8. The Agency’s policy presumes the release of foreign national prisoners at the end of their sentence subject to an assessment of the risk they pose to the public and the risk of absconding. However, foreign national prisoners had remained in detention in 94 out of 97 cases sampled (97 per cent), where they had completed their sentence and where deportation was being pursued. Release needed to be authorised at senior Board level, in contrast to a decision to detain, which could be taken by lower management.
9. There was genuine fear and reluctance to release, given the potential implications of a foreign national prisoner committing a further offence, but no evidence that a detailed assessment of the risk of reoffending had taken place in each case. There was also a disparity between the number of people released from detention by the Agency and the number released on bail by the courts. Between February 2010 and January 2011, the Agency released 109 foreign national prisoners from detention compared with 1,102 released on bail by the courts.
10. The Agency had increased the amount of contact with foreign national prisoners who were serving their custodial sentence. However, there were no minimum standards for the level of contact that case owners should have, and consequently there were variations in practice. The Agency had not carried out an assessment to determine whether greater contact would be beneficial in terms of timeliness or accuracy of decision-making.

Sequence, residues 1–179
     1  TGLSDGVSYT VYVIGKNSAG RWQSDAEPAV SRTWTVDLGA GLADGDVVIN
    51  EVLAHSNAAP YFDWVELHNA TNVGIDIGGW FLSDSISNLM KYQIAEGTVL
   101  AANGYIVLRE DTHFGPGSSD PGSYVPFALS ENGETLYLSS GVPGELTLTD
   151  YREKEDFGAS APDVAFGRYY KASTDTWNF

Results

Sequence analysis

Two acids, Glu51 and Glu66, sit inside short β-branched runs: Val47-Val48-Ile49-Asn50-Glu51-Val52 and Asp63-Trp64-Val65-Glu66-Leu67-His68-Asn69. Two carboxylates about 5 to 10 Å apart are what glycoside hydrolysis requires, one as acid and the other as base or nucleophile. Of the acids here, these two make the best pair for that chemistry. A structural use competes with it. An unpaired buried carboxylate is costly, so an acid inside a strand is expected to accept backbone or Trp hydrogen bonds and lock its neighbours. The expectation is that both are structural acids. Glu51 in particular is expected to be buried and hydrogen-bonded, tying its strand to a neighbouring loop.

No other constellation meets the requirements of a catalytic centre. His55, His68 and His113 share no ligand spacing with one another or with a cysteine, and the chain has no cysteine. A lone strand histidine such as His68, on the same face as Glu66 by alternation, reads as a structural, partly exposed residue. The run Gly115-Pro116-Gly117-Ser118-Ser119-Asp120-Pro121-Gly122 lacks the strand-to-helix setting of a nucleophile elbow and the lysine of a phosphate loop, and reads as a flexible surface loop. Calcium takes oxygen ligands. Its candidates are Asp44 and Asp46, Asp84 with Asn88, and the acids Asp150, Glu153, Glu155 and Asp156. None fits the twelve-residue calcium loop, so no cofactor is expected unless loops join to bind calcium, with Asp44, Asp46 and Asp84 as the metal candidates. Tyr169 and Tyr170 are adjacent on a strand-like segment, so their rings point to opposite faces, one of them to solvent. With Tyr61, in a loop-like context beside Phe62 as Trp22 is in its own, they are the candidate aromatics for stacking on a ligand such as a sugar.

11. The standard of file management varied, with some containing documents arranged in a logical order, while others lacked information explaining actions that had been taken. In 11 of the cases sampled (8 per cent), information relating to people other than the foreign national prisoner was held on file with no explanation as to why this had happened. In addition, there was a risk that data obtained for foreign nationals who had been acquitted of an offence would be retained unlawfully in the absence of a clear retention or destruction policy.